By Lee Allphin, Employer Advantage Founder and Chairman of the Board
In the US alone, there are more than 1.5 million nonprofit organizations operating. Churches and public charities make up almost one million of the total. As of early 2019, there were more than 100,000 private foundations and more than 500,000 other nonprofit organizations like civil leagues.
These organizations not only work to achieve their specific mission but many also act as employers. IRS statistics show 26% of the American population is working for charitable organizations. Organizations designated as falling under Internal Revenue Code Section 501(c)(3) specifies that they are exempt from federal corporate income taxes. These exempt organizations don’t pay federal taxes but still have many requirements as employers.
Nonprofits Still Carry Heavy Employment Burdens
Charitable organizations and nonprofits must comply with rules specifically outlined for exempt organizations and navigate employment compliance like any other employer. In fact, because of the legal complexities required to operate as an exempt entity, these organizations make ideal candidates for outside expertise that can help them avoid regulatory penalties.
Problems in payroll, HR, workplace safety, or many other areas are important to address because they can stand in the way of the organization fulfilling its mission. An organization’s mission can be very powerful but issues that hurt culture, morale, and employee satisfaction need to be effectively handled.
Payroll Tips for Exempt Organizations
Payroll is one of the most unique areas of employment administration for nonprofits. Here are a few things to be aware of when handling the payroll for exempt organizations.
- Federal Unemployment (FUTA) – An organization that is exempt from income tax under section 501(c)(3) of the Internal Revenue Code is also exempt from FUTA.
- State Unemployment (SUTA) – Nonprofit religious and charitable organizations are exempt from SUTA. All other 501(c)(3) organizations must pay state unemployment insurance benefits—and they can do it one of two ways:
- Pay state unemployment insurance (SUI) taxes
- Reimburse the state only for benefits paid to former employees
- Retirement 403 (b) – A Nonprofit or Church has only two options for retirement planning, a 403(b) and a Simple IRA. The 403(b) is the equivalent of a for-profit company’s 401(k). A 403(b) operates almost identical to a 401(k) as far as plan design and contributions allowed, however, a 403 (b) is exempt from certain administrative duties.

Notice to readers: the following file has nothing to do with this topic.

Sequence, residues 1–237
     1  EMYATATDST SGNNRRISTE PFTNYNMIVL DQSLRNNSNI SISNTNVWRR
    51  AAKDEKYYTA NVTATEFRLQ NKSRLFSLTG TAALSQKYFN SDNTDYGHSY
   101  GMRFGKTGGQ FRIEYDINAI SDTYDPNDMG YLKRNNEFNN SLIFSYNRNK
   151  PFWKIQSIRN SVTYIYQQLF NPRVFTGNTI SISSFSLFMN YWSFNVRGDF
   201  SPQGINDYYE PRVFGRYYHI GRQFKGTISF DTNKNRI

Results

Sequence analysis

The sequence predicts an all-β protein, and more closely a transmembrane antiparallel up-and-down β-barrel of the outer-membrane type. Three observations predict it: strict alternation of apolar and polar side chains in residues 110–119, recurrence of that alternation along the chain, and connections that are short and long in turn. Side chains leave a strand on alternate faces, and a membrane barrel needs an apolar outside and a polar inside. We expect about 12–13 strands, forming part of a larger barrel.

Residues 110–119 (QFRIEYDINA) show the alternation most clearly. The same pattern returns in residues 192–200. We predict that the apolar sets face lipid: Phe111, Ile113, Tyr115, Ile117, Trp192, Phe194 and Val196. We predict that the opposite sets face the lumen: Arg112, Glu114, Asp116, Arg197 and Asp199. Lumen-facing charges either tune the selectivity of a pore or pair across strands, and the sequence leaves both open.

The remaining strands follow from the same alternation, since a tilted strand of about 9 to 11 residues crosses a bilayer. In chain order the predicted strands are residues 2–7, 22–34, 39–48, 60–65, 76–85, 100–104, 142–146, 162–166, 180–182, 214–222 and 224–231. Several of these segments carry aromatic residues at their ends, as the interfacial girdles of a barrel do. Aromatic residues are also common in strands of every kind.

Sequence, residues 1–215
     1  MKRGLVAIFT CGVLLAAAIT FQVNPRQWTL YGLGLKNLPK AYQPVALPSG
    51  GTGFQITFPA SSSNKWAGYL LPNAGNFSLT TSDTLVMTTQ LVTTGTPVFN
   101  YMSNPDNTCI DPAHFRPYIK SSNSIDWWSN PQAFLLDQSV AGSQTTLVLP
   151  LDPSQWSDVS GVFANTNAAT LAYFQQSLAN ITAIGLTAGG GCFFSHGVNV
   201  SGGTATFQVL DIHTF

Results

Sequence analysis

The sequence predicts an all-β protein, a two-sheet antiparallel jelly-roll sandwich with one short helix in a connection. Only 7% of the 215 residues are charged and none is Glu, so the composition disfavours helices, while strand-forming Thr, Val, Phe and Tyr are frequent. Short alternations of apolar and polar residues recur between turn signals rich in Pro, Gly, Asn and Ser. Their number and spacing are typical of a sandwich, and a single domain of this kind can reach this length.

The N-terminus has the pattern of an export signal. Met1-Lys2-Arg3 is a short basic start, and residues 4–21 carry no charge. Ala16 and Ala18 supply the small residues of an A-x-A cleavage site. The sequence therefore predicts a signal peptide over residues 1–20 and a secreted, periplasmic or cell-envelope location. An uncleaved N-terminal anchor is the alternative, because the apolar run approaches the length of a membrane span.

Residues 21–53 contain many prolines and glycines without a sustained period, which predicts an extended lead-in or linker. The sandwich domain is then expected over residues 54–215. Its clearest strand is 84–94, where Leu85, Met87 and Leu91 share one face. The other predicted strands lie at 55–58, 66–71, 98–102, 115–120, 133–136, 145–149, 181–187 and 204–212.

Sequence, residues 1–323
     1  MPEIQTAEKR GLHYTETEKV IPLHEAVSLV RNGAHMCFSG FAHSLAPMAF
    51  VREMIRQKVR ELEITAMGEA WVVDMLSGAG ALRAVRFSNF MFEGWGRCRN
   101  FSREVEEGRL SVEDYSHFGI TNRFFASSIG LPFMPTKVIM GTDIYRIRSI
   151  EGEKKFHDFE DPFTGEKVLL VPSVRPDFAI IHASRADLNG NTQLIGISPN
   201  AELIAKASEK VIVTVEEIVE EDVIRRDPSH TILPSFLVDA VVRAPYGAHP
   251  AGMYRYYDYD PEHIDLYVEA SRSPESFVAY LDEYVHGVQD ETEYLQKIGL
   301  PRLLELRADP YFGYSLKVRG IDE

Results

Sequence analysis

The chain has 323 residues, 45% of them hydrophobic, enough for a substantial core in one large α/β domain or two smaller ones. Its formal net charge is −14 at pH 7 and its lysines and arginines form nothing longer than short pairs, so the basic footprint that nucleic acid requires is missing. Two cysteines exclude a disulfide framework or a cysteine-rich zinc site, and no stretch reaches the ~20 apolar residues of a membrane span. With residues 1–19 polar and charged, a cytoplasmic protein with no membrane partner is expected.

- Self Employed Contributions Act (SECA) Tax – The IRS considers ministers to be employees of their churches for federal income tax purposes, and self-employed for Social Security and Medicare purposes. It’s the responsibility of the minister to pay SECA tax on their salary and housing allowance.
- Housing Allowances – Ministers can receive a housing allowance, also known as a parsonage allowance. This amount is not taxable for Federal or State Income Tax but is subject to SECA tax. Housing Allowance, although not required, should be documented in Box 14 of the W-2 for the convenience come tax time.
- Churches Social Security and Medicare Exemptions – Religious Organizations have the option of exempting their organization from paying the employer share of Social Security and Medicare. In order to exempt their organization, they need to file IRS Form 8274, Certification by Churches and Qualified Church-Controlled Organizations. Electing Exemption From Employer Social Security and Medicare Taxes does save the church money, but it has a huge impact on their employees. If a church has elected the exemption, the employees will face the burden of paying both sides of Social Security and Medicare Taxes.
- Clergy Exemption – Clergy may exempt themselves from Social Security and Medicare tax by filing form 4361with the IRS. If approved, they will receive an approved copy of form 4361. With an exemption, ministers will not be eligible to receive any Social Security or Medicare benefits based on the income they earn for service to the church.
The bottom line is that, when it comes to having employees, it doesn’t matter if your organization is tax-exempt or for-profit. Employers of all varieties bear a heavy burden and need good help carrying it.
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 Although there are differences between tax-exempt and nonprofit charitable statuses, we will treat them as interchangeable for this article.